Sunday, August 22, 2010
This page is to collect important links to the work of Connie Tettenborn.
As of Nov of 2011 Connie has a new webpage showing her work - you can access it here
The following works by Connie were posted before she brought her webpage online - Enjoy!
The Derivation of Wisdom and The Integral Part of Idle Time
The Sphere of Influence
Parabola of Athletes
Blue Book Formulas
Thursday, August 19, 2010
Monday, August 09, 2010
I am happy to present that not only were we presented a top poetry blog award (Third Place) -click here-
Thank you to all who have contributed!
Sunday, August 08, 2010
A couple of things of importance concerning the mathematical graffiti wall. The first being a new video of the wall produced by John Sims, the hippest voice in mathematical art – check it out below.
The second is some wonderful photos of the event that Geof Huth just released. (Thank you Geof!) – They can be seen below.
Here is John’s announcement of the event.
Here is a photo of John Sims introducing the event.
Here is Stephanie Strickland reading her response to the wall.
Here is Gregory Vincent St. Thomasino talking cubist poetry
Here is Bob Grumman reading his Poem’s Poem
Here I am talking about Similar Triangles Poems (Which is the type of Poem I put on the wall)
Here is Richard Kostelanetz after his talk about the history of his work.
Here is a group photo
Here is Geof making a contribution to the wall
Here is Geof and Bobs contribution
Here is JoAnne in front of the wall.
Here are some folks checking out the wall/
Here is a photo of the Kumbaya fest at Starbuck’s afterward. What a great time we had chatting about our common interests. (Left to Right) Geof Huth, Bob Grumman, JoAnne Growney, Arnold Skemer, Kaz Maslanka, Karen Orlin, and Richard Kostelanetz
Wednesday, August 04, 2010
I asked the mathematician and co-editor of "Strange Attractors Poems of Love and Mathematics", Sarah Glaz for her definition of mathematical poetry and here is what she had to say:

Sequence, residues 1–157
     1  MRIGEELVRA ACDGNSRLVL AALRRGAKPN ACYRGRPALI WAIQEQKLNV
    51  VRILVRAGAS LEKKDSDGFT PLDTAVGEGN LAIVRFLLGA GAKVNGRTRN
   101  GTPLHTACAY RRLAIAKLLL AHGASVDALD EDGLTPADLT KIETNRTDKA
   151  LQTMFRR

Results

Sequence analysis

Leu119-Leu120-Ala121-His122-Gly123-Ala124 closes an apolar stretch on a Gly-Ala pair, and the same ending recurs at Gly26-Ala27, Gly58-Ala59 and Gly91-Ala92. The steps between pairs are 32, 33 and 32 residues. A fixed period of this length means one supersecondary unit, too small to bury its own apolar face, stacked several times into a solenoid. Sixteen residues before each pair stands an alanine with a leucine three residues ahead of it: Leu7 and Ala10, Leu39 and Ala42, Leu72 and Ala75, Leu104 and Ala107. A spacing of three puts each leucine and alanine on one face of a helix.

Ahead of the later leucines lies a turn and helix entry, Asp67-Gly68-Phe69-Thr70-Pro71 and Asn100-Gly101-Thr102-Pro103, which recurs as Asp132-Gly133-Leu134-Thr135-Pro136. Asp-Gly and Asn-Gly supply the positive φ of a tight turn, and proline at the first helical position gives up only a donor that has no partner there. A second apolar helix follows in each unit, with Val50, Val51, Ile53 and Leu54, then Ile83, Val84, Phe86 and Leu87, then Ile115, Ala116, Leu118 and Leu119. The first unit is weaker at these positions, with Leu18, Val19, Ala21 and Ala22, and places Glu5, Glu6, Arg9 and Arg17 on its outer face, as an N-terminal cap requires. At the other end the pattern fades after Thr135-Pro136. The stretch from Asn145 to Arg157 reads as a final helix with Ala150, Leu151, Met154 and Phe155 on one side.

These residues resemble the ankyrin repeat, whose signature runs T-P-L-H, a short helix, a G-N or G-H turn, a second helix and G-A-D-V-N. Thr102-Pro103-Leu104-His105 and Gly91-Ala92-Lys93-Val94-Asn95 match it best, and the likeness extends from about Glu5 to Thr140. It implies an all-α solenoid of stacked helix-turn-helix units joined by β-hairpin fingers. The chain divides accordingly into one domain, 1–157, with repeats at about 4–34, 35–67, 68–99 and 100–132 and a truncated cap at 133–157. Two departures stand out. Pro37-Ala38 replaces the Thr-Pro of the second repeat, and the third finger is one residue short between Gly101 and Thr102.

Mathematical poetry is an umbrella term for poetry with a strong link to mathematics in either imagery, content, or structure. The mathematics involved in mathematical poetry does not have to be mathematically significant. Some poems I would call mathematical involve just arithmetic, or counting. How significant are those in the scheme the entire body of mathematical knowledge? Certain mathematical components do not make a poem mathematical, and this is expressed through the words "strong link to mathematics." For example, all formal poetry has a built in mathematical structure, but we would not call every sonnet, for example, a mathematical poem just because it has 14 lines. If the link to mathematics is in the poem's structure, there has to be something non standard, or unusual, about the use of mathematics in the poem's structure to make the poem a mathematical poem. I left, on purpose, the term "poetry" undefined because I want to include in this definition poems that have only mathematical symbols. Although my preference is for poetry that includes words, I would like the term mathematical poetry to embrace all poetic mathematical forms, even those that come to us from the depth of mathematical silence in symbol form.